THE CONFERENCE CALLER: Having quickly established itself as Australia’s premier mid-tier heavy minerals (HM) producer, Image Resources (ASX: IMA) is now facing another major challenge – to find further feed for its hungry processing plant. By Mark Fraser
Although the company’s high-grade flagship operation Boonanarring – located just 80 kilometres north of Perth in its home state of Western Australia – has only another two-to-three years’ mine life left in it, Image has enough expansion options up its sleeve to make sure the project remains an ongoing concern.
First cab off the rank is Atlas some 70km to the north, where an already-established resource of 18 million tonnes of ore grading 6 per cent heavy minerals (HM), including a combined 15.8 per cent zircon plus rutile (Z+R), looks set to add another three years of dry mining production.
Following this are the North Perth Basin dry deposits of Red Gully (6Mt at 7.7% HM; 15.5% Z+R), Regans Ford (9.9Mt at 9.6% HM; 14.3% Z+R), Helene/Hyperion (18.2Mt at 4.8% HM; 14% Z+R), Gingin South (8.1Mt at 6.1% HM; 13.5% Z+R) and Gingin North (2.4Mt at 5.5% HM; 9.1% Z+R).
All up this equates to an extra 93 million tonnes at 6.3 per cent HM; 17 per cent Z+R on top of Boonanarring’s current inventory of 30.3Mt at 6 per cent HM; 23.1 per cent Z+R.
Further exploration is expected to boost these figures.
In addition, Image has a number of dredge mining options – including Bidaminna (where the current resource sits at 45Mt at 3% HM and combined 6.5% Z+R), Titan-Telesto (140Mt at 1.9% HM; 12.8% Z+R) and Calypso (51Mt at 1.7% HM; 15.9% Z+R). Together, these add an additional 236Mt at 2.1 per cent HM and 11.5 per cent Z+R to the mining house’s inventory.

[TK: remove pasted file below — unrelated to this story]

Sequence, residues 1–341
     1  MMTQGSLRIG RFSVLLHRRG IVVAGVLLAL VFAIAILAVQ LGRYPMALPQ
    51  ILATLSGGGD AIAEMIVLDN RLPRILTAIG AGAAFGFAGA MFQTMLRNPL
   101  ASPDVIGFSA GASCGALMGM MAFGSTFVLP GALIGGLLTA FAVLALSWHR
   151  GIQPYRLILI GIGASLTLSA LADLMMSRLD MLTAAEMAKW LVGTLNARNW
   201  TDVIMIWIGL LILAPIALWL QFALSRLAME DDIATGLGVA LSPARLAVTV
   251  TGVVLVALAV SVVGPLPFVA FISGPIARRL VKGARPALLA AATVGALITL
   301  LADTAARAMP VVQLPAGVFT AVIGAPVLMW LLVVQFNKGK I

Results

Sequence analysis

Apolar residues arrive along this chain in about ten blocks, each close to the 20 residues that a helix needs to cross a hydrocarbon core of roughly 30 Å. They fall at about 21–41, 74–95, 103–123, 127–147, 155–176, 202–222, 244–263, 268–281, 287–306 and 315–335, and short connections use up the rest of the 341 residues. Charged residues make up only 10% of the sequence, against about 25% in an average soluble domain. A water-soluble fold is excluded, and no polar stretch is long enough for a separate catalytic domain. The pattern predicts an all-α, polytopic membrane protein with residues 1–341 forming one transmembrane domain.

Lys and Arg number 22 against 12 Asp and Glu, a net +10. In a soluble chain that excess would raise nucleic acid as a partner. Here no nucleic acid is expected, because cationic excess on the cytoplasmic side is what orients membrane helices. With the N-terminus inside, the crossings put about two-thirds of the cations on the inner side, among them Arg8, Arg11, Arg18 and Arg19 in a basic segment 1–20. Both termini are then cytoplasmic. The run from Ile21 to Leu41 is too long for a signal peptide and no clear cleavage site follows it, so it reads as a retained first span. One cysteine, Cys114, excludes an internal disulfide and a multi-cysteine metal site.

During the RIU Resurgence Conference, Image Resources chief financial officer John McEvoy indicated the company was initially looking to move its 3.7 million tonnes per annum Boonanarring wet concentration plant (WCP) to Atlas, where it had another three years of reserves, “with potential for further expansion”.
After that further relocation options included the neighbouring Hyperion and Helene deposits.
“At Boonanarring, as well as the potential to expand reserves to the north and west, there is also the potential to pump or truck ore from Gingin south and Gingin North,” McEvoy noted.
“For Atlas, there is the potential to increase mine life by pumping from the nearby deposits Hyperion and Helene.
“In addition, Red Gully and Regans Ford provide an option for a future WCP location.”
McEvoy added it was possible one of the dredging targets (particularly Bidaminna) could also be an option for a second operating centre.
Thus far this target has some fairly positive attributes – including a 90 per cent-plus HM grade, less than 5 per cent slimes, a 25-67 per cent leucoxene content as well as a 100Mt exploration target.
McIvoy told RIU delegates that while COVID had inflicted a, “limited impact on our operations”, the key issue for the first half of 2020 came from shipping, with China slow to ramp up production post its new year.
Image, he said, shipped 109,000 tonnes during that period.
However, since about May or June, Chinese demand has been increasing and the company remained on track to ship at its target rate of 90-100,000 tonnes in both the third and fourth quarters.
Moreover, this kept Image on track to meet its 2020 sales guidance of 300-330,000 tonnes, “despite the significant challenges thrown at us this year”.
One interesting development at Boonanarring, which looks set to moderately boost Image’s standing (or image) amongst the sustainability crowd, is the recent on-site construction of a 2.3 megawatt solar farm.
McEvoy told RIU delegates the resources house was now expecting to generate power within the next month.
“Whilst not providing a significant cost saving, renewable energy in terms of solar is expected to provide at least 25 per cent of our electricity requirements for the remainder of the mine life,” he said.